Forum: Ruby string substitution question

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ljw1001 (Guest)
on 2005-11-28 06:34
(Received via mailing list)
I'm reading a file using:

  " str = IO.read("textfile1.txt") "

and trying to output the results using

   " puts str "
The problem is that I want to substitute values in the file.  It
includes this text: #{(3+4).to_s}

I expected the puts statement to output 7, but it outputs the code
literally as #{(3+4).to_s}

How can i get this substitution to happen?

thanks for your help.
chdiary (Guest)
on 2005-11-28 06:59
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I am not sure, but
how about use eval function

maybe like this
eval(%Q(puts #{str}))

I want it work.
let me know that.
good luck
rosco (Guest)
on 2005-11-28 11:09
(Received via mailing list)
On Mon, 28 Nov 2005 04:28:11 -0000, <removed_email_address@domain.invalid> 
wrote:

> I expected the puts statement to output 7, but it outputs the code
> literally as #{(3+4).to_s}
>
> How can i get this substitution to happen?
>
> thanks for your help.
>

(Caveat: relatively new to Ruby)

I think it's more trouble than it's worth, though I don't doubt it could
be done with some insane escaping and eval. I'd have to guess that the
#{}
expansion is done somewhere in the parser (?).

I recently made use of ERB (included with 1.8.3, don't know about other
versions) for this kind of thing, which worked a treat. Your file would
contain something like:

	<%= 3+4.to_s %>

(P.s. I know it looks a little bit /.*ML/ but it's not specifically -
it's
just the way ERB separates the code.
ljw1001 (Guest)
on 2005-11-28 14:03
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What is ERB?

I had assumed that it would be possible to convert a single quote
string to a double quote string and that would take care of it.  Is
that not possible. Maybe I'm looking at this the wrong way.
Substitution is done with the syntax you mention in my current version
of Rails.  Is ERB what they use?
ljw1001 (Guest)
on 2005-11-28 14:11
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I tried it with my current version 1.8.2 and got this message:

(eval):1: warning: parenthesize argument(s) for future version

I'll try again when I've installed 1.8.3.
rosco (Guest)
on 2005-11-28 23:26
(Received via mailing list)
On Mon, 28 Nov 2005 12:00:37 -0000, <removed_email_address@domain.invalid> 
wrote:

> What is ERB?
>
> I had assumed that it would be possible to convert a single quote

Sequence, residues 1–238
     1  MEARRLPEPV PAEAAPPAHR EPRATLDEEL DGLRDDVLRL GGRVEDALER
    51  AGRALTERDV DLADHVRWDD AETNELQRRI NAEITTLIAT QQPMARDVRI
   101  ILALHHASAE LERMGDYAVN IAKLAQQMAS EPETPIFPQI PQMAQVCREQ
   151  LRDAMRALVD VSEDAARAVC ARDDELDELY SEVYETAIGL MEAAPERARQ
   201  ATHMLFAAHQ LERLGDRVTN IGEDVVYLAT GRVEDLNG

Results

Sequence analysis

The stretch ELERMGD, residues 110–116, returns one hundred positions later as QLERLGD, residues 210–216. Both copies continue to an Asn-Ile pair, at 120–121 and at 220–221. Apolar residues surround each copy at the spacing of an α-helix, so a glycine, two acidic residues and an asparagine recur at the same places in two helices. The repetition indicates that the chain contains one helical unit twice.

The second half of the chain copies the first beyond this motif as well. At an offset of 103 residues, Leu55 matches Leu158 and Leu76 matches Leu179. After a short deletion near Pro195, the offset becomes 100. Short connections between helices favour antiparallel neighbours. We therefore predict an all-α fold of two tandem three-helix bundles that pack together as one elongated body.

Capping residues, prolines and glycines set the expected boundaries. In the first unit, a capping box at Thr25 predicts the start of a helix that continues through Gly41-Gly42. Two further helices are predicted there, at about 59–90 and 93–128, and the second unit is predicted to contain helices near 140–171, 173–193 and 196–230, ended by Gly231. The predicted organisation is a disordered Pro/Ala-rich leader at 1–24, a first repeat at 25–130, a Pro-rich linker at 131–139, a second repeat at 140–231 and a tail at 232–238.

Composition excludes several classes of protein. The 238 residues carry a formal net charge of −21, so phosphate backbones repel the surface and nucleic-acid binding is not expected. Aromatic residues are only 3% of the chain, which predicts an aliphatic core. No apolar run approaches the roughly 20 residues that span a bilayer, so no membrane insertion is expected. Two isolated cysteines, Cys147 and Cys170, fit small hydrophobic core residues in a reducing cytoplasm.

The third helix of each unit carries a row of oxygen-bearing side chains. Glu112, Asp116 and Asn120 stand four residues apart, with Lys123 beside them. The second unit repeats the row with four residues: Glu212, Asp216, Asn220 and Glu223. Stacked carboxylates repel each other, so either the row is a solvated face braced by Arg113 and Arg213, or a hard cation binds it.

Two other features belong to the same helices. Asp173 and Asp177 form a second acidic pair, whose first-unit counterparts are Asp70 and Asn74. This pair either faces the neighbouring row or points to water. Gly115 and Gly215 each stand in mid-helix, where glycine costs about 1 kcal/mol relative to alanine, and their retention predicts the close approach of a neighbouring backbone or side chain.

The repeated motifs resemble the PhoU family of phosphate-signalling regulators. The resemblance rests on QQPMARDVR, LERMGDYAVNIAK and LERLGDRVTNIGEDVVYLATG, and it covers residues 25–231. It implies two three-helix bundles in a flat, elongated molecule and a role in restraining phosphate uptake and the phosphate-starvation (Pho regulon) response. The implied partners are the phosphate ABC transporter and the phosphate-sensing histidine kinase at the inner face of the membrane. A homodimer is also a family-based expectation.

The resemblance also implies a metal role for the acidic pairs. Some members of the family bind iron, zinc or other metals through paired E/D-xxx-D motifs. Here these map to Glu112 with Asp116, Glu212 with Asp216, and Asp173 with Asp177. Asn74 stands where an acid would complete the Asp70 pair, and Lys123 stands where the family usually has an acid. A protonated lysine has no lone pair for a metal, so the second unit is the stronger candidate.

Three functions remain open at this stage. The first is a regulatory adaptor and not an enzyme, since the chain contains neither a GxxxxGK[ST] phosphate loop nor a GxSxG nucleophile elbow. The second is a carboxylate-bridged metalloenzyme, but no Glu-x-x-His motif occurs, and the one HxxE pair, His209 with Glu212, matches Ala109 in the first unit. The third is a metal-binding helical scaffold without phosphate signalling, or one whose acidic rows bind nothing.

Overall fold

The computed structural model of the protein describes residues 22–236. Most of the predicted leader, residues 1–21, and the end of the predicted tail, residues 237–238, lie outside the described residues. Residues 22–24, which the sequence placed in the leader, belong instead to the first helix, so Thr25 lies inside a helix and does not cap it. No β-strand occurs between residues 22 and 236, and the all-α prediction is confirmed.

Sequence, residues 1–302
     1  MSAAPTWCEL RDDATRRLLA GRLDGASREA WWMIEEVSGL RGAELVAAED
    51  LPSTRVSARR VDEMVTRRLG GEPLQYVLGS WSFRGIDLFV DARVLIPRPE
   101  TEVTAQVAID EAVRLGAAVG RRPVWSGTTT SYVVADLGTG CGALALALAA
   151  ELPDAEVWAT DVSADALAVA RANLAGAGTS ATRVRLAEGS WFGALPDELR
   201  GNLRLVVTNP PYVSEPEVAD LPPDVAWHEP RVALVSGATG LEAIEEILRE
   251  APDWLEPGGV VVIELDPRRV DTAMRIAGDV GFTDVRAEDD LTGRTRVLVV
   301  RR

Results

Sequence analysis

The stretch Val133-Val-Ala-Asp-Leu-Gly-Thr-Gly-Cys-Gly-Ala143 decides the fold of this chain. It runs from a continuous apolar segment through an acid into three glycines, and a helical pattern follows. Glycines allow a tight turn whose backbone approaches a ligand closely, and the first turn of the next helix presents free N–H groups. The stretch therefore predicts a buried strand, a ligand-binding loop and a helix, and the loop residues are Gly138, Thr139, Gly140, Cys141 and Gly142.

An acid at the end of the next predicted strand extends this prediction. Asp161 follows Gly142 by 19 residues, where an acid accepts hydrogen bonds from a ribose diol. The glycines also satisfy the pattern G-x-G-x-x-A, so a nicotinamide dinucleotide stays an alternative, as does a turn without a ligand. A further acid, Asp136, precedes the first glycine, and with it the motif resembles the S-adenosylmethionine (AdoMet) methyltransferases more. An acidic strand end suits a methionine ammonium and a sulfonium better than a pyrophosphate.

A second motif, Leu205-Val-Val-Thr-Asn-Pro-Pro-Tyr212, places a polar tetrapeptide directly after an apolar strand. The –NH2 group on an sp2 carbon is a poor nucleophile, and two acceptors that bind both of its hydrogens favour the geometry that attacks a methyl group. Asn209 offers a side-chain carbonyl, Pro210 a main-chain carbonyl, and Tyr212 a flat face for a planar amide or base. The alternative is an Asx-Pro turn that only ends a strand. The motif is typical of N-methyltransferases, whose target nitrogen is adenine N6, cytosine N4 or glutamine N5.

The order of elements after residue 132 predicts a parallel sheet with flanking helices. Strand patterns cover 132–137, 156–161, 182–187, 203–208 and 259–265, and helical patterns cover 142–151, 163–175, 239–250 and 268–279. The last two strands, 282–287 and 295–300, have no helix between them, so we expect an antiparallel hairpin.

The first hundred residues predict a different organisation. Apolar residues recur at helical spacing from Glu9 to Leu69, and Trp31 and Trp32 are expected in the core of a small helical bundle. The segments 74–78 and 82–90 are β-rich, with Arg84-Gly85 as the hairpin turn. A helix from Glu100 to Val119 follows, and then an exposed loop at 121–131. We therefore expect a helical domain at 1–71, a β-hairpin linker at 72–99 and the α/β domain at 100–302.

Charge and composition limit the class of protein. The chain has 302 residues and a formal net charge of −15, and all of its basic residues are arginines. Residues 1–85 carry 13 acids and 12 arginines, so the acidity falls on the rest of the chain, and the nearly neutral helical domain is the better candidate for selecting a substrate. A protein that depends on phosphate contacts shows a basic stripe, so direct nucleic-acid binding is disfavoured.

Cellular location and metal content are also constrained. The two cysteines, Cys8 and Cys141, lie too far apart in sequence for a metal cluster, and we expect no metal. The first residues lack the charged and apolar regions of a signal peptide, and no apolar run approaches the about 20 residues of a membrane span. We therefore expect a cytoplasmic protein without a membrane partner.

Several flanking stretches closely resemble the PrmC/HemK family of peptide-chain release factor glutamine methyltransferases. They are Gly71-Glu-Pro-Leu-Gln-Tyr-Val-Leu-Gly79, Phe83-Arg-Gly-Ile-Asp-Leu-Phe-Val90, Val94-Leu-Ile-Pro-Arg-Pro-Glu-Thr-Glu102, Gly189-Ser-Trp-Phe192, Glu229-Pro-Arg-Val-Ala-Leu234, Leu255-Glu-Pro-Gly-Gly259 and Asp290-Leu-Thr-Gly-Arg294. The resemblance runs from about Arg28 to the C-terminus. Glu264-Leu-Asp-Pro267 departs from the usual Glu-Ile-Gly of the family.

> string to a double quote string and that would take care of it.  Is
> that not possible. Maybe I'm looking at this the wrong way.
> Substitution is done with the syntax you mention in my current version
> of Rails.  Is ERB what they use?
>

It is probably possible, maybe using the special quoting operators and
so
forth, but I imagine it is messy and problematic (?).
There appears to be some automagic escaping going on when # is read into
double quoted strings, or something like that.
Rails does use ERB, and I think I'd still suggest it. It's 'Embedded
Ruby'. With 1.8 it comes as standard (at least with 1.8.3). You can use
it
like:

   require 'erb'

   sturf = ['just', 'some', 'stuff']
   src = "<% sturf.length.times do |i| %><%= sturf[i] %> <% end %>"

   text = ERB.new(src).result       # => "just some stuff "

You can pass a binding to the 'result' method, so that you can do the
following:

   require 'erb'
   class SomeClazz

     def set_some_var
       @foo = 'bar'
       self
     end

     def render_text(s)
       ERB.new(s).result(binding)
     end
   end

   s = SomeClazz.new.set_some_var.render_text('<%= @foo %>')  # => "bar"

There is also a native version of ERB as a command - try 'erb' at your
prompt (I found it's -x option quite helpful when debugging template
problems).
rosco (Guest)
on 2005-11-28 23:30
(Received via mailing list)
On Mon, 28 Nov 2005 21:16:40 -0000, Ross B.
<removed_email_address@domain.invalid> wrote:

> With 1.8 it comes as standard (at least with 1.8.3).

By that I mean 'that I know of' - I don't know exactly which versions
have
ERB included, but I bet it's been in for a while...
w_a_x_man (Guest)
on 2005-11-28 23:50
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Ross B. wrote:
>
>    sturf = ['just', 'some', 'stuff']
>    src = "<% sturf.length.times do |i| %><%= sturf[i] %> <% end %>"

   src = "<% stuff.each do |s| %><%= s %> <% end %>"
rosco (Guest)
on 2005-11-29 00:14
(Received via mailing list)
On Mon, 28 Nov 2005 21:44:34 -0000, William J. 
<removed_email_address@domain.invalid>
wrote:

>>    sturf = ['just', 'some', 'stuff']
>>    src = "<% sturf.length.times do |i| %><%= sturf[i] %> <% end %>"
>
>    src = "<% stuff.each do |s| %><%= s %> <% end %>"
>

Sorry. I was just going for a more esoteric example to illustrate you
can
do anything in there...
ljz (Guest)
on 2005-11-29 03:28
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removed_email_address@domain.invalid writes:

> I tried it with my current version 1.8.2 and got this message:
>
> (eval):1: warning: parenthesize argument(s) for future version
>
> I'll try again when I've installed 1.8.3.

To get rid of that error, all you need to do is this:

  eval(%Q(puts(#{str})))

Note the extra parentheses surrounding #{str}.
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